Risk Factors and Potentially Preventable Deaths in Rural Communities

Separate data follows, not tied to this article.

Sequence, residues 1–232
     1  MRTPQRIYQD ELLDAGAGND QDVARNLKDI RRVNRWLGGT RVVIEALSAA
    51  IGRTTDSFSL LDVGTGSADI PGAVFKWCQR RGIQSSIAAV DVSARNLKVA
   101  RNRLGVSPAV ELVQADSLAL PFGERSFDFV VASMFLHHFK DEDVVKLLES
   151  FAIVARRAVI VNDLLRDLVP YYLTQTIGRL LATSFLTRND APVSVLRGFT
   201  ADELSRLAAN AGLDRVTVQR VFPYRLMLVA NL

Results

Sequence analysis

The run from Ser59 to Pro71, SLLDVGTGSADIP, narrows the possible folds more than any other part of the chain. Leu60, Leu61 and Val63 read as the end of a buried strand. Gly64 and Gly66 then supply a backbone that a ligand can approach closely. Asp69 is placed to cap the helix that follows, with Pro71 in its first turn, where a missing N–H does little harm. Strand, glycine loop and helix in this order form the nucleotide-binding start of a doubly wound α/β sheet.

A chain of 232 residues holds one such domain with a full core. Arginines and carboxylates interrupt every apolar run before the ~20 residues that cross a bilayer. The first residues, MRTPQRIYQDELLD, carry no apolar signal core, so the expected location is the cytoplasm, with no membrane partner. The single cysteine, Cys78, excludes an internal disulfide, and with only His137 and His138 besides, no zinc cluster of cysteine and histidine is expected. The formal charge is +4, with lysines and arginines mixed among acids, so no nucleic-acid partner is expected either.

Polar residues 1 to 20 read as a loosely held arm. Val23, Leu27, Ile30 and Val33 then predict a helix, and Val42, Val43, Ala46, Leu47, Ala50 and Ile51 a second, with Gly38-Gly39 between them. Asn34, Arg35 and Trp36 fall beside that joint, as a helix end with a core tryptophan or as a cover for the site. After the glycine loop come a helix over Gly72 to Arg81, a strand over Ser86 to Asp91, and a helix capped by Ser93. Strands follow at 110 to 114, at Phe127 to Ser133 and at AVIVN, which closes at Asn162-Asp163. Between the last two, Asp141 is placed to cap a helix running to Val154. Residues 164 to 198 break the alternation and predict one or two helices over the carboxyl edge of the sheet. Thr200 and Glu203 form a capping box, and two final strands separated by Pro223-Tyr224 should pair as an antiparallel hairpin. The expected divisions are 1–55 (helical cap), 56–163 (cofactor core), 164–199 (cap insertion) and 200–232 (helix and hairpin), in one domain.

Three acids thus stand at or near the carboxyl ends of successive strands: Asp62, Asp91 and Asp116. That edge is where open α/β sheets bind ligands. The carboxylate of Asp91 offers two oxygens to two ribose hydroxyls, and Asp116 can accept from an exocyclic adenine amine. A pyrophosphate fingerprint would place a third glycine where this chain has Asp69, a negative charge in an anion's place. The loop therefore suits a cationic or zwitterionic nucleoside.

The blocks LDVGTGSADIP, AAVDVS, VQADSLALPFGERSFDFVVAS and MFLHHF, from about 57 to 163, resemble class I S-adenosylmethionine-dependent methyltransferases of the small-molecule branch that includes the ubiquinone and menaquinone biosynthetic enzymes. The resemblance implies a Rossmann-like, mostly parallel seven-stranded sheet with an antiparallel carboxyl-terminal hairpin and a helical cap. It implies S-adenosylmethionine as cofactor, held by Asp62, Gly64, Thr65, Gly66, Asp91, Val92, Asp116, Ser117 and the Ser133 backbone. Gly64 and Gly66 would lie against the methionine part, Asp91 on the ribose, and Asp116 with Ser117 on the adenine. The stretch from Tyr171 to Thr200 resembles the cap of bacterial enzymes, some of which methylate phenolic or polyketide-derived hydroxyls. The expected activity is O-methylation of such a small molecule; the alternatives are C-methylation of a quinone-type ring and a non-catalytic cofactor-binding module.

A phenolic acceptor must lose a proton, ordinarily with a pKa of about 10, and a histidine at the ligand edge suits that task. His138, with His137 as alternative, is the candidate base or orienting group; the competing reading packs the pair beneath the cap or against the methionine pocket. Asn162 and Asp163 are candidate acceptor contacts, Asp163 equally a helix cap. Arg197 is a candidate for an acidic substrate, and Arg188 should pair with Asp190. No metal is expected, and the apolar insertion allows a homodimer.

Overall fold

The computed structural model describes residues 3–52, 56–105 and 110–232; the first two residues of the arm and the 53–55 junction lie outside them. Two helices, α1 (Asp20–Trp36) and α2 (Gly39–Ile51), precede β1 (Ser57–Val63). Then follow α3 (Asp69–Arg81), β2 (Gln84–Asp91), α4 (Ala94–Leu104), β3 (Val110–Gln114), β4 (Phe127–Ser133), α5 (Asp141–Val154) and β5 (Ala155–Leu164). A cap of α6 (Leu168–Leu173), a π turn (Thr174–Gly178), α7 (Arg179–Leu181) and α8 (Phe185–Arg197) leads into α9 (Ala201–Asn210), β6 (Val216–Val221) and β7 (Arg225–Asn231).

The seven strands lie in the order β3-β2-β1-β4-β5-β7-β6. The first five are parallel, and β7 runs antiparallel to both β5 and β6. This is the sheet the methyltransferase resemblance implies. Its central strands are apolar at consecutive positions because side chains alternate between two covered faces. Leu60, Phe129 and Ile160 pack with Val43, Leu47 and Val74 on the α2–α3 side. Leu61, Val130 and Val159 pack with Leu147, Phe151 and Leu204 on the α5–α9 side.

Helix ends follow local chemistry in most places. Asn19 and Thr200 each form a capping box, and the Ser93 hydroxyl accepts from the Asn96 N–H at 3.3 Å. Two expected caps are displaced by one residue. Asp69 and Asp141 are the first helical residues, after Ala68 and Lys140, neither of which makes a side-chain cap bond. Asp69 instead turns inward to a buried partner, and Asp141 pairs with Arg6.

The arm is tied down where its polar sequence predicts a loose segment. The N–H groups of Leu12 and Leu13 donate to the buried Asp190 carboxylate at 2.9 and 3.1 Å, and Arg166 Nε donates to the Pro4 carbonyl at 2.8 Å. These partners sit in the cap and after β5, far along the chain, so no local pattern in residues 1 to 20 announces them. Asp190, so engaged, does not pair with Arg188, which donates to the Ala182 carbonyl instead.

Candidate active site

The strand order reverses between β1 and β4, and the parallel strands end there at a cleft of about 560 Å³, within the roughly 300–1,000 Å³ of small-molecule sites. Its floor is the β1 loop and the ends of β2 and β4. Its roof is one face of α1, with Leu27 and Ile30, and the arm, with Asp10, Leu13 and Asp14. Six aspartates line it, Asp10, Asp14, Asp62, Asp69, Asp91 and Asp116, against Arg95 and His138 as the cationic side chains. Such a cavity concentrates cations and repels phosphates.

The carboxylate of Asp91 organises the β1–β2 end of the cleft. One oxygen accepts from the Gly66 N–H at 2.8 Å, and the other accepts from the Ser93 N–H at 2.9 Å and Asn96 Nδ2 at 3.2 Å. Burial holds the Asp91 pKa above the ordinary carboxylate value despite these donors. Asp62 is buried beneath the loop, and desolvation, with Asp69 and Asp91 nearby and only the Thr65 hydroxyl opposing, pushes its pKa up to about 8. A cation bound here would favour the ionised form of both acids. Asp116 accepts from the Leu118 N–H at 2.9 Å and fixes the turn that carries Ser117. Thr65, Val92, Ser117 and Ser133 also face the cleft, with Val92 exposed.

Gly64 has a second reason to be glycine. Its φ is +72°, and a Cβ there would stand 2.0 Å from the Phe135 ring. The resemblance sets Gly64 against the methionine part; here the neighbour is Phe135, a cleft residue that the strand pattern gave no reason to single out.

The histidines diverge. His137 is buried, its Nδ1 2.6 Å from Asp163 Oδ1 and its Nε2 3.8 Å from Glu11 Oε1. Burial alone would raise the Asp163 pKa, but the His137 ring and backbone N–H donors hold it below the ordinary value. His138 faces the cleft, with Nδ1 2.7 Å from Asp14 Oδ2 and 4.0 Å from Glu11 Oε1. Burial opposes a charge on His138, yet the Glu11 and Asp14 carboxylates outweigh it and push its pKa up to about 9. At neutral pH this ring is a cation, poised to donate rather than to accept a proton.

As the rural-urban mortality gap continues to expand, researchers have been exploring the reasons why the gap exists and how some of the deaths might be prevented. The notion of what is a preventable or avoidable death is difficult to capture, and subject to multiple definitions and thus empirical approaches. In this study, the North Carolina Rural Health Research Program used variation in three risk factors – smoking, obesity, and excessive alcohol use – to identify their relative contribution to common causes of mortality. The goals of the study are to use our new approach to compare (1) the rates of potentially avoidable deaths between rural and urban communities in the U.S.; (2) how rates of potentially avoidable deaths vary by census region; and (3) the relative contribution of the selected modifiable risk factors to rates of potentially avoidable deaths (e.g., the effect of smoking relative to the effect of excessive alcohol use). As expected, we found that rural counties had a higher proportion of deaths attributable to health risk factors than urban counties, and there was significant variation across common conditions, and the South has the highest percent of deaths that are potentially avoidable.